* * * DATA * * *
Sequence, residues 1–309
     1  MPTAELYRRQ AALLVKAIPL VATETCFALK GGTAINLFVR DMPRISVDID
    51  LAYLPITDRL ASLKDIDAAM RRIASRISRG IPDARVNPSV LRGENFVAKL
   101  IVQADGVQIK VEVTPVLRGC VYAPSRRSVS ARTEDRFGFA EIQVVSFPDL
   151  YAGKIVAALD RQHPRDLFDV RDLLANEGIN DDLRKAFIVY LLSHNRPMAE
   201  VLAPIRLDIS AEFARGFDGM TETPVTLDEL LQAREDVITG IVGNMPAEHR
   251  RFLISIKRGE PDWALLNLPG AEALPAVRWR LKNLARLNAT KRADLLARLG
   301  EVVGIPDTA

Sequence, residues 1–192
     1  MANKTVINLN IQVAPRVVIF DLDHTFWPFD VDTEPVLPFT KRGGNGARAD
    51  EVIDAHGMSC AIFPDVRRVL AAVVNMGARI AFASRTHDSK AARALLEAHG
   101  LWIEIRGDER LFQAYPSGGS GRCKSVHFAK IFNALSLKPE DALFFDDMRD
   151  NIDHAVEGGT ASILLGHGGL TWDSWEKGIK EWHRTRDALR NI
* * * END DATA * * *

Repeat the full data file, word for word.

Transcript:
Sequence, residues 1–309
     1  MPTAELYRRQ AALLVKAIPL VATETCFALK GGTAINLFVR DMPRISVDID
    51  LAYLPITDRL ASLKDIDAAM RRIASRISRG IPDARVNPSV LRGENFVAKL
   101  IVQADGVQIK VEVTPVLRGC VYAPSRRSVS ARTEDRFGFA EIQVVSFPDL
   151  YAGKIVAALD RQHPRDLFDV RDLLANEGIN DDLRKAFIVY LLSHNRPMAE
   201  VLAPIRLDIS AEFARGFDGM TETPVTLDEL LQAREDVITG IVGNMPAEHR
   251  RFLISIKRGE PDWALLNLPG AEALPAVRWR LKNLARLNAT KRADLLARLG
   301  EVVGIPDTA

Sequence, residues 1–192
     1  MANKTVINLN IQVAPRVVIF DLDHTFWPFD VDTEPVLPFT KRGGNGARAD
    51  EVIDAHGMSC AIFPDVRRVL AAVVNMGARI AFASRTHDSK AARALLEAHG
   101  LWIEIRGDER LFQAYPSGGS GRCKSVHFAK IFNALSLKPE DALFFDDMRD
   151  NIDHAVEGGT ASILLGHGGL TWDSWEKGIK EWHRTRDALR NI